Rhubarbs are strongly tart. They can add freshness to even the most syrupy of cuisine. The resulting mix of intense sourness and sugary sweetness in rhubarb compote is vibrant. This simple match also applies to perfumery, in which the green tart rhubarb pairs well with and tames the sweet notes of berries, rose, and violet.
Perfumer Christine Nagel similarly employs this idea in Eau de Rhubarbe Écarlate (Hermès, 2016). She pairs fresh rhubarb and sweet berries to create a lively eau de cologne with a sultry suggestion. The tangy citrus and green acidic notes conjure the crunchy stalks at first. These are, then, contrasted by a blend of fruity rose, violet, and musk. In effect, it is a dynamic between tart rhubarb and musky raspberry.
Such pairing of fresh tart notes with sensual sweetness give the composition its character. Towards the dry down, the lingering tangy promise keeps the sweetness at bay, and the richness of musk lends a soft caress. Refreshing and flirtatious at the same time, Eau de Rhubarbe Écarlate demonstrates that fruity-floral perfumes are not necessarily bland, when executed well and with a character.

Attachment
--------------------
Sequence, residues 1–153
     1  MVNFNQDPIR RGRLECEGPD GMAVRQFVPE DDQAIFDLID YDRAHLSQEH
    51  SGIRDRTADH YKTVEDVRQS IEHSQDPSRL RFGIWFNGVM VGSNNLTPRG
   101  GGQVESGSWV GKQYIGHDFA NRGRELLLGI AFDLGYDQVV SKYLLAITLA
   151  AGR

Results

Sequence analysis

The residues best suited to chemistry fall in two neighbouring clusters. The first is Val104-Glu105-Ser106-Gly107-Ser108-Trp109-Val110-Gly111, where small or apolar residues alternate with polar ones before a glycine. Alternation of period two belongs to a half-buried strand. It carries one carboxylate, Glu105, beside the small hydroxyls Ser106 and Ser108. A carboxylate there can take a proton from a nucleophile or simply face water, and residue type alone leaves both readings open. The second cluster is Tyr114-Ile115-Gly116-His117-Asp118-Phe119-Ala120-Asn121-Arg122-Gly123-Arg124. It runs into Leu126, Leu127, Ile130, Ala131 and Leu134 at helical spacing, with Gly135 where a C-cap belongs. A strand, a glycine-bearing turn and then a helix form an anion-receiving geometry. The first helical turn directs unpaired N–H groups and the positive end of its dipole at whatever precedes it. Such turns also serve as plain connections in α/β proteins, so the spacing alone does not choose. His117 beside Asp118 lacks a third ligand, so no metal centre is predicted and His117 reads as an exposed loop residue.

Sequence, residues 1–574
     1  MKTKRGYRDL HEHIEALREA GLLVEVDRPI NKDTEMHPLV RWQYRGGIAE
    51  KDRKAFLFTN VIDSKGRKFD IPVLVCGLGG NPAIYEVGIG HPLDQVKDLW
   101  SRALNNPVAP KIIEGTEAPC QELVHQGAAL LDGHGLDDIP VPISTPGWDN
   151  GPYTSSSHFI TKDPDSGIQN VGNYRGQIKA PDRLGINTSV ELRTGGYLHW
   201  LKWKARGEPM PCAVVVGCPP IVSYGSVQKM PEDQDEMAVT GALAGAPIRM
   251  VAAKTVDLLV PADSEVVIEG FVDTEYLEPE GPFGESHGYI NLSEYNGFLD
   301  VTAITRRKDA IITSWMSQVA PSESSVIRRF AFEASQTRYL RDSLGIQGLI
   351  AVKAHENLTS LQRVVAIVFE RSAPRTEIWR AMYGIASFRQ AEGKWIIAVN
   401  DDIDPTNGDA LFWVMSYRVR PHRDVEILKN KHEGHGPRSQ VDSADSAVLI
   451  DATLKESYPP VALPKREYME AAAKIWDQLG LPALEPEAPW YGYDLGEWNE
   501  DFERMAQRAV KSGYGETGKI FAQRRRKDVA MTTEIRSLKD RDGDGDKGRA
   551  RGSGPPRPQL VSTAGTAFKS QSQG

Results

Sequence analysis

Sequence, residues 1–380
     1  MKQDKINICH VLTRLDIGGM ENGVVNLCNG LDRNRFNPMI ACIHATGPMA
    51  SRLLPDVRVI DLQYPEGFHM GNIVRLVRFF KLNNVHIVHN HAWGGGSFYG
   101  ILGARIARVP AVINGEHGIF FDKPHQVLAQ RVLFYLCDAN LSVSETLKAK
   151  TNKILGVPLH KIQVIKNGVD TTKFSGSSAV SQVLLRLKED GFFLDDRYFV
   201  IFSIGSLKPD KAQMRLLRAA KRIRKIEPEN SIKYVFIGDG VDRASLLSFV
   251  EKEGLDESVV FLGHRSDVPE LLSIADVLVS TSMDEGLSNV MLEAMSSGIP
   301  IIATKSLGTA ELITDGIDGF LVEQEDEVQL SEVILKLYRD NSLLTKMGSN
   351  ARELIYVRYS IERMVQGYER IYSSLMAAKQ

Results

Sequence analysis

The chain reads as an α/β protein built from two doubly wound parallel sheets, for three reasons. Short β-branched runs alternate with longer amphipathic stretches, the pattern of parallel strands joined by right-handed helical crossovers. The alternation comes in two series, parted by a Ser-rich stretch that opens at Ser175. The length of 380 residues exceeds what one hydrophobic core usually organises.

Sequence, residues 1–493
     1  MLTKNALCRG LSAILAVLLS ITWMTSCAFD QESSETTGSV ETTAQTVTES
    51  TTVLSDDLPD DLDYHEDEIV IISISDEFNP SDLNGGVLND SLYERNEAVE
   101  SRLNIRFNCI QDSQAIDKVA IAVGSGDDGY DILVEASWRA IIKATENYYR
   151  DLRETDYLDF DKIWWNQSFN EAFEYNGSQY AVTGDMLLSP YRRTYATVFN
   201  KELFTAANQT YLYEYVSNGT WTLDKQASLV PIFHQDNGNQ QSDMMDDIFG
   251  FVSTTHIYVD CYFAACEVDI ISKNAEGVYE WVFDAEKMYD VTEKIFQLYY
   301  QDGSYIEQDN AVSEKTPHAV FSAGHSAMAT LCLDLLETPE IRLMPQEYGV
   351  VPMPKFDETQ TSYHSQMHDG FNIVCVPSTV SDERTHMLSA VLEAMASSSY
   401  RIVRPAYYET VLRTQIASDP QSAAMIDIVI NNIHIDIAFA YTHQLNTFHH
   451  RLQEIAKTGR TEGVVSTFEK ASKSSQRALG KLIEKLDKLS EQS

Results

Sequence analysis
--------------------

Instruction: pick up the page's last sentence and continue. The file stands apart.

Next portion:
Its rhubarb compote and raspberry sorbet is luscious. It is also surprisingly long-lasting for an eau de cologne. It lingers close to me, like a second skin. It may be a polished fruity-floral cologne, but make no mistake, the character still pops out and is as bold as its scarlet flacon.
A note on the shower gel: The development follows exactly that of the perfume. Upon lathering, the tart-sweet rhubarb and rose intensify. Its dewy rose and musky berries linger on skin afterwards. I am very happy with the shower gel.
Source: photograph of Philippe Jarrigeon